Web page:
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Horgan promises 'prompt response' on First Nations' desire to defer old-growth logging

The deferral notice requires approval from the B.C. government.

B.C. Premier John Horgan says the province will enter discussions with the Ditidaht, Huu-ay-aht, and Pacheedaht First Nations, which have said they will defer old-growth logging for two years in Fairy Creek and the Central Walbran while they prepare plans for the areas.

"We are pleased to enter into respectful discussions with the Nations regarding their request," Horgan said in a statement released Monday. "We understand the request must be addressed expeditiously, and we will ensure a prompt response.

The Ditidaht, Huu-ay-aht, and Pacheedaht First Nations officially notified the province Saturday of their desire to defer old-growth logging in the areas. The deferral notice requires approval from the B.C. government.

Teal Jones, which owns the licence for Tree Farm Licence 46 that includes the area commonly known as Fairy Creek, where some of the blockades have been set up, said Monday that it would halt logging in the area.

The company has agreements with First Nations that have Indigenous rights in TFL-46. Current logging plans include logging in the Fairy Creek area.

“Teal Jones acknowledges the ancestral territories of all First Nations on which we operate and is committed to reconciliation. In recent years Teal Jones has had productive working relationships with 106 First Nations in BC, the specifics of each engagement reflecting the interests of the First Nation," it said in a statement.

"We will abide by the declaration issued today, and look forward to engaging with the Pacheedaht, Ditidaht, and Huu-ay-aht First Nations as they develop Integrated Resource Forest Stewardship Plans.”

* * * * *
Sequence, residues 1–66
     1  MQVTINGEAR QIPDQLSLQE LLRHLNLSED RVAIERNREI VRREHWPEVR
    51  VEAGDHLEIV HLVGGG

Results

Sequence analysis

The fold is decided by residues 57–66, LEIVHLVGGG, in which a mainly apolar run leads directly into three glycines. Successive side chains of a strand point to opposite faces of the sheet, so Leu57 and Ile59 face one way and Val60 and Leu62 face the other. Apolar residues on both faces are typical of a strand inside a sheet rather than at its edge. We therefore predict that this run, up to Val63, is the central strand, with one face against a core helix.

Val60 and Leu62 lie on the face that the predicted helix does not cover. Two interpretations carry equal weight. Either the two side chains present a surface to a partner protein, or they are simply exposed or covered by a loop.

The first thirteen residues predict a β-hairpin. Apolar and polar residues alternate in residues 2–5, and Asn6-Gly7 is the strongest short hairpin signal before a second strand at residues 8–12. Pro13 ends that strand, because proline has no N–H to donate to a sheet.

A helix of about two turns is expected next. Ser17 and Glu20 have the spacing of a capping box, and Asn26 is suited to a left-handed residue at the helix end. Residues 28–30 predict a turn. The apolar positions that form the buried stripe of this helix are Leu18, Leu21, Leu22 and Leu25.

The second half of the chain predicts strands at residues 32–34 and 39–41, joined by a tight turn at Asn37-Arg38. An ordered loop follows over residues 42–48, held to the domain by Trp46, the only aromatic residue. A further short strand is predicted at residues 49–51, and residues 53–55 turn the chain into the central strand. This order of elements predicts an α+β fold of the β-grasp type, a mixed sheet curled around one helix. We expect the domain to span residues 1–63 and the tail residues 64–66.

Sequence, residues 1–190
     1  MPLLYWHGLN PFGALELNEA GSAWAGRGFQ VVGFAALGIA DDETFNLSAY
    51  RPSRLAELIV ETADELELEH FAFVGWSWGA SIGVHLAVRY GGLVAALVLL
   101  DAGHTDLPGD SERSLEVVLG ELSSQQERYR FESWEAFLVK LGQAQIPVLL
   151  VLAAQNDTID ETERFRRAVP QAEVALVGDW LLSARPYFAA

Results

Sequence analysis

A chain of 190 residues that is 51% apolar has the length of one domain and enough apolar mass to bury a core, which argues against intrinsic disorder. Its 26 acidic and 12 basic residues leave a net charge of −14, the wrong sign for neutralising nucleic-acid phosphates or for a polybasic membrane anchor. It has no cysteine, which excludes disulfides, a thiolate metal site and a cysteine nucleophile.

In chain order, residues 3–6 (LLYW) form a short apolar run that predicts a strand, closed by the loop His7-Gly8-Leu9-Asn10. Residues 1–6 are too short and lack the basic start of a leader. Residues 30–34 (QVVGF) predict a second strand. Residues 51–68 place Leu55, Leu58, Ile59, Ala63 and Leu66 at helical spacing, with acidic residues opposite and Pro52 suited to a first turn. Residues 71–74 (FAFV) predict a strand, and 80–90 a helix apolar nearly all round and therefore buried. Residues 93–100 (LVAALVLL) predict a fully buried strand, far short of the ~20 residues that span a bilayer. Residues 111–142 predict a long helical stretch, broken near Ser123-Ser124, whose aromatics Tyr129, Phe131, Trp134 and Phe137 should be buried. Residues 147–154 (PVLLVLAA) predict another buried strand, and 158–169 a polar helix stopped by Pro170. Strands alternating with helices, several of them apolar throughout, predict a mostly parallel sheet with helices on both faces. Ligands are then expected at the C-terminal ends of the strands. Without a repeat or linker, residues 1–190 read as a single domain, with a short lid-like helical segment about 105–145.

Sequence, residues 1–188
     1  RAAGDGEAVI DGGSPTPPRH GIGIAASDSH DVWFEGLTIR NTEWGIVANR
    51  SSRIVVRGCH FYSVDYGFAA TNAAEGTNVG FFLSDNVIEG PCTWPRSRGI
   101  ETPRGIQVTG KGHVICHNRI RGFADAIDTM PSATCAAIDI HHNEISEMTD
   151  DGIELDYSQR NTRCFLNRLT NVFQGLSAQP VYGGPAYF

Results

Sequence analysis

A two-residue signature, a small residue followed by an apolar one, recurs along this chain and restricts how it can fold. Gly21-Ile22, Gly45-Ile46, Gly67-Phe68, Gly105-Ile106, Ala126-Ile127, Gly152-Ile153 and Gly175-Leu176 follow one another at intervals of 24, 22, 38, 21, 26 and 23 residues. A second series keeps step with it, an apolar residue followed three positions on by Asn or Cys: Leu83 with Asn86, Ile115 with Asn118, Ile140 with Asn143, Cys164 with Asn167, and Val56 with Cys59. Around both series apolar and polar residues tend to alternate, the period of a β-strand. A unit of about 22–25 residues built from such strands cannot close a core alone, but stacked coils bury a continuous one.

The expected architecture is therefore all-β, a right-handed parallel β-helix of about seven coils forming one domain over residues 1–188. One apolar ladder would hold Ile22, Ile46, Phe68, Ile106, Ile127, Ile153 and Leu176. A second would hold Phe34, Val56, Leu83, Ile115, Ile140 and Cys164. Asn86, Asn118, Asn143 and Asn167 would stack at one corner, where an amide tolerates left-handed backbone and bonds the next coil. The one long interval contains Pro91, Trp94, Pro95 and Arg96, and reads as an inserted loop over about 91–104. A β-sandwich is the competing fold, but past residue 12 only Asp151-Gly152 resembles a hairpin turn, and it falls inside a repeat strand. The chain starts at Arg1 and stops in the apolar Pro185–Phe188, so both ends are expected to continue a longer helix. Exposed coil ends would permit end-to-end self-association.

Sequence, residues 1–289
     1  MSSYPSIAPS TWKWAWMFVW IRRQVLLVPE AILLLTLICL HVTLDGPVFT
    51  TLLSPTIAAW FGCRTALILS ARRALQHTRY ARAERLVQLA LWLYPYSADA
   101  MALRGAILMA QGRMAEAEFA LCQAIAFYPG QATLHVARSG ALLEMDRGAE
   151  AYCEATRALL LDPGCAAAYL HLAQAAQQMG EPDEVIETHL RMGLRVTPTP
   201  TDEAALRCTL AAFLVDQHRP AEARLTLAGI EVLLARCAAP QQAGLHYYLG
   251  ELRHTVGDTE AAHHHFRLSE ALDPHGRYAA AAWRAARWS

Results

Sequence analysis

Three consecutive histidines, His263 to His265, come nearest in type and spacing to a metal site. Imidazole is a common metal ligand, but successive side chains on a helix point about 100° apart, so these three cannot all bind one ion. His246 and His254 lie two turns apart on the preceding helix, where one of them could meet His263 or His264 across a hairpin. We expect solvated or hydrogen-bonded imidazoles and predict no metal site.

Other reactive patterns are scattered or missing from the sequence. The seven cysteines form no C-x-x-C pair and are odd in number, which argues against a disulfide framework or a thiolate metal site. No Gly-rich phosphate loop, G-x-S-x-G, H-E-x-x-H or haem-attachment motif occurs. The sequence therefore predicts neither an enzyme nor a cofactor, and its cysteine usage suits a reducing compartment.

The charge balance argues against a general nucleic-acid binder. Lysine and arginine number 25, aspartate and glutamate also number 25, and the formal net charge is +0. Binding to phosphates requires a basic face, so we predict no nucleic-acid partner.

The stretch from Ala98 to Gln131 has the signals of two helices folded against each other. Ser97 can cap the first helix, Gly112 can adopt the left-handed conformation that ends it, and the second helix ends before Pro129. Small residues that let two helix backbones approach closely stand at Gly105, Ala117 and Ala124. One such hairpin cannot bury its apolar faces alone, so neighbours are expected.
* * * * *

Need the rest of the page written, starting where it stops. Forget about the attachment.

The First Nations are asking protesters to allow logging in other areas.

“Our three Nations look forward to building a future based on respectful nation-to-nation relationships with other governments that are informed by Indigenous history, Indigenous knowledge, Indigenous rights, and Indigenous priorities,” Jeff Jones, chief councillor of the Pacheedaht First Nation, said in the press release.

“We ask that all peoples both Indigenous and non-Indigenous learn and move forward together and that by working together we can realize a future that is fair, just, and equitable.”

Protesters reacted said the move falls far short of what is needed.

"We have yet to see the exact maps but regardless it will allow for continued industrial logging of old-growth forest across southern Vancouver Island,” said a social media post by the Fairy Creek blockade group. "We have yet to know if the deferrals apply to road building, so they may not even protect Fairy Creek."

The Huu-ay-aht, Ditidaht, and Pacheedaht signed a declaration Friday “to take back their power over their ḥahahuułi,” or traditional territories, saying they have watched for more than 150 years as others have made decisions over their land and resources. “This declaration brings this practice to an immediate end.”

The First Nations said they have committed to manage their traditional territories and resources “the way our ancestors did,” said the statement from Huu-ay-aht head hereditary Chief Derek Peters, Ditidaht hereditary Chief Paul Tate, and Pacheedaht’s hereditary Chief Frank Queesto Jones. “We are in a place of reconciliation now and relationships have evolved to include First Nations. It is time for us to learn from the mistakes that have been made and take back our authority over our ḥahahuułi.”

— With a file from Business in Vancouver